The rulemaking also defines transfers to include any asset transfer to or purchase of any financial instrument or investment that reduces net worth and would not be in the claimant’s financial interest were it not for the claimant’s attempt to qualify for VA pension by transferring assets to or purchasing such instruments or investments. The proposed rule singles out annuities and trusts in this regard.
The “look-back period” means the 36 month period before the date on which VA receives either an original pension claim or a new pension claim after a period of non-entitlement. VA notes that it specifically chose to impose a three year look-back similar to SSI rather than the five year look-back period that applies to Medicaid long-term care benefits.
The penalty period imposed due to transfers may be as long as ten years. To calculate the penalty period VA follows a formula similar to that used by the SSI program. VA’s formula would determine a penalty period in months by dividing the covered asset amount by the applicable maximum annual pension rate (MAPR) under 38 U.S.C. 1521(d), 1541(d), or 1542 that is in effect as of the date of the pension claim, divided by 12 and rounded down to the nearest whole dollar. The MAPRs are located on VA’s Web site at http://www.benefits.va.gov/pension/.
For veterans and surviving spouses, VA would use the maximum annual pension rate with the applicable number of dependents at the aid and attendance level in effect as of the date of the pension claim. If the claimant is a child, the annual rate is the child alone MAPR.
Beginning date of penalty period. When a claimant transfers a covered asset or assets during the look-back period, the penalty period begins on the first day of the month that follows the date of the transfer. If there was more than one transfer, the penalty period will begin on the first day of the month that follows the date of the last transfer.
VA would recalculate the penalty period if all of the covered assets were returned to the claimant before the date of claim or within 30 days after the date of claim. Once correctly calculated, the penalty period would be fixed, and return of covered assets after the 30-day period provided would not shorten the penalty period.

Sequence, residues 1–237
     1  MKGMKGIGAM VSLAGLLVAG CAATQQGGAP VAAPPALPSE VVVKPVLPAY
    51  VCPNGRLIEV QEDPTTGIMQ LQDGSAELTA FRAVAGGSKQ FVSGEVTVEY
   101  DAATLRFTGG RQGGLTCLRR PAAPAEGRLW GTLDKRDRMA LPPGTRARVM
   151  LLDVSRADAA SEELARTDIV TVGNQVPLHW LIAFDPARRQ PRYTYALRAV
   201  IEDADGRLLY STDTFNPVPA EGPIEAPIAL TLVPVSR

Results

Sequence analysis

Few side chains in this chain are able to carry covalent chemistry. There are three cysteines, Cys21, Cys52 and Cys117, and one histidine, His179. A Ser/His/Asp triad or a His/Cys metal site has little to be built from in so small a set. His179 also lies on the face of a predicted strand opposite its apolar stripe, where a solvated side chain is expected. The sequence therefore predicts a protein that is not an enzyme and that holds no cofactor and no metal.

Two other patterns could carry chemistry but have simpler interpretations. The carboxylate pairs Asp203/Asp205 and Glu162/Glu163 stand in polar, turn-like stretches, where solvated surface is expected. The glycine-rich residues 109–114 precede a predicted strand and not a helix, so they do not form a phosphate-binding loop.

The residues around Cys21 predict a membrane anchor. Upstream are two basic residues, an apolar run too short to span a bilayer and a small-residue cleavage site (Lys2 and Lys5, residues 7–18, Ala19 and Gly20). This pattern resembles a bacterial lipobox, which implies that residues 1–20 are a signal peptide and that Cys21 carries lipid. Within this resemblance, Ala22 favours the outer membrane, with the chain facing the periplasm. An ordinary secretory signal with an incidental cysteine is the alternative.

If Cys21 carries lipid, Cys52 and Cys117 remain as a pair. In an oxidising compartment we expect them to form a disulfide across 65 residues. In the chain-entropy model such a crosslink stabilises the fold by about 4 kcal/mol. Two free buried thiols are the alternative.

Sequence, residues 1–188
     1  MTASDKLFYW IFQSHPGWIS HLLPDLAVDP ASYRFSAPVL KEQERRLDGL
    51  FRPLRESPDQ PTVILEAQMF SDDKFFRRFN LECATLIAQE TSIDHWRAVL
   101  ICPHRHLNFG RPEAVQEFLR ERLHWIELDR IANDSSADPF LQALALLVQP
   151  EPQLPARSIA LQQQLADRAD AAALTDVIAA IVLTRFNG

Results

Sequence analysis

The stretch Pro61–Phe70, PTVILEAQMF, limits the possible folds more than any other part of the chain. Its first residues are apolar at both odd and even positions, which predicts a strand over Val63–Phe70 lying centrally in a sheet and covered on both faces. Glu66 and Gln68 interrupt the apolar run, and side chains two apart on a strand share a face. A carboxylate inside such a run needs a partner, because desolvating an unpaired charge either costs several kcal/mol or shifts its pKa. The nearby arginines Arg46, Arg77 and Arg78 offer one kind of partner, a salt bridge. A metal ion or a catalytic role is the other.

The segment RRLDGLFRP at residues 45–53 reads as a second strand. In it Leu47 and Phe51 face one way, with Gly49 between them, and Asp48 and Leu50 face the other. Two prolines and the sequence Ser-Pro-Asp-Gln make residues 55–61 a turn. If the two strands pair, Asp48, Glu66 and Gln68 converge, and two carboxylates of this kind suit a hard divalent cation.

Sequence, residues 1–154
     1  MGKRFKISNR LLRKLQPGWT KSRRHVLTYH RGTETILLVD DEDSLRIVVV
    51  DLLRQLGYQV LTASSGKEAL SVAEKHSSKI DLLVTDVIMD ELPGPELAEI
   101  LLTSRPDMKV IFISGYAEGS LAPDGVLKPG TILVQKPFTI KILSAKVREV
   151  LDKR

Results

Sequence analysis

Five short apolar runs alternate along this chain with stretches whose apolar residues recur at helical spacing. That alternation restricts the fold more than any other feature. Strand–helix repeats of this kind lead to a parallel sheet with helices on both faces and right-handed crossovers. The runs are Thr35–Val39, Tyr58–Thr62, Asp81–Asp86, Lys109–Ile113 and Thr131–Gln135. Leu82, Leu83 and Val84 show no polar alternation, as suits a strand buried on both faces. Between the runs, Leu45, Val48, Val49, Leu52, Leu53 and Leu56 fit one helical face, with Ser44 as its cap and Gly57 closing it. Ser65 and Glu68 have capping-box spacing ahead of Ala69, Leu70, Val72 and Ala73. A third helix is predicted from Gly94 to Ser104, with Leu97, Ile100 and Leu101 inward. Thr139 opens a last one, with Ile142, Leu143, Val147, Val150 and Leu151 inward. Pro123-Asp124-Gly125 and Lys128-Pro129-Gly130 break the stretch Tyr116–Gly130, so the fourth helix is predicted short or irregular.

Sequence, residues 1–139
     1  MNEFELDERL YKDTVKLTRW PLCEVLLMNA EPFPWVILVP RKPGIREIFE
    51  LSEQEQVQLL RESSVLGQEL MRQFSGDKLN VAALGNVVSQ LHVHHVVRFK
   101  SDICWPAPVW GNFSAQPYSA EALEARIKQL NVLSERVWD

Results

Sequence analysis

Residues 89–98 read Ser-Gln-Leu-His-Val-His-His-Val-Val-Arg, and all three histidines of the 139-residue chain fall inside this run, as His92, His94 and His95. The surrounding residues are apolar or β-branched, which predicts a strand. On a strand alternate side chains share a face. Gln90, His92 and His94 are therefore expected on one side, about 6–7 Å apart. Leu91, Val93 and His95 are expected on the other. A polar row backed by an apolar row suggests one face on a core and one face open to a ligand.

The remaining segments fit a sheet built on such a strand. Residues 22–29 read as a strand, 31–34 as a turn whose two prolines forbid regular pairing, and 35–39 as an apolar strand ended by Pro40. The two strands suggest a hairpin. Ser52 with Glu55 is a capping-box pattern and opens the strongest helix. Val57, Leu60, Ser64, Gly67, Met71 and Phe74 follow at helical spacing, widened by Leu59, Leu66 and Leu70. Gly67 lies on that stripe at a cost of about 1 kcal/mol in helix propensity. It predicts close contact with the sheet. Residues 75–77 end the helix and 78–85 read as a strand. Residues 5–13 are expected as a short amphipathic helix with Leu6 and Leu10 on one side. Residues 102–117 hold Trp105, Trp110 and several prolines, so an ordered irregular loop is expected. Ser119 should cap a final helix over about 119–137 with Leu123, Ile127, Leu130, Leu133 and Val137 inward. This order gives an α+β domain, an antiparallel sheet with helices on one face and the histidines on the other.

Other changes in the proposed regulation, such as implementing statutory changes pertaining to certain pension beneficiaries who receive Medicaid-covered nursing home care, implementing statutory income exclusions, and implementing a non-statutory income exclusion pertaining to annuities, codify current practice.
On the positive side, the proposed regulation would clarify some issues that lead to inconsistent decisions for similarly situated claimants. And it should reduce the claim review discretion that can allow for unequal treatment of similarly situated claimants. The added clarifications, definitions and the relatively clear net worth limit should promote more uniformity and consistency in pension entitlement determinations.
On the negative side, the addition of the asset transfer prohibitions and penalties will create a significant new barrier for many veterans and add complexity to the filing and processing of claims. The proposed rule regarding annuities and trusts that “would not be in the claimant’s financial interest but for the claimant’s attempt to qualify for VA pension” seems particularly vague and problematic.
The transfer penalty rule will mean that eligibility for VA needs based pension programs will become similar to that for SSI and Medicaid long term care benefits. The added complexities suggest that veterans will be even more in need of planning assistance prior to applying for pension.
The rulemaking is VA’s response to a June 2012 Government Accountability Office (GAO) report on Veterans’ Pension Benefits.
At this time these rules are only proposed, not final. VA is accepting comments until March 24th.
I anticipate that VA will receive lots of comments and that some changes will be made to the proposed regulation. But the transfer penalties will almost certainly survive.
After VA has a chance to consider and respond to comments I expect it to issue its final rulemaking. But the timing is unclear. It could be a while before these changes are implemented.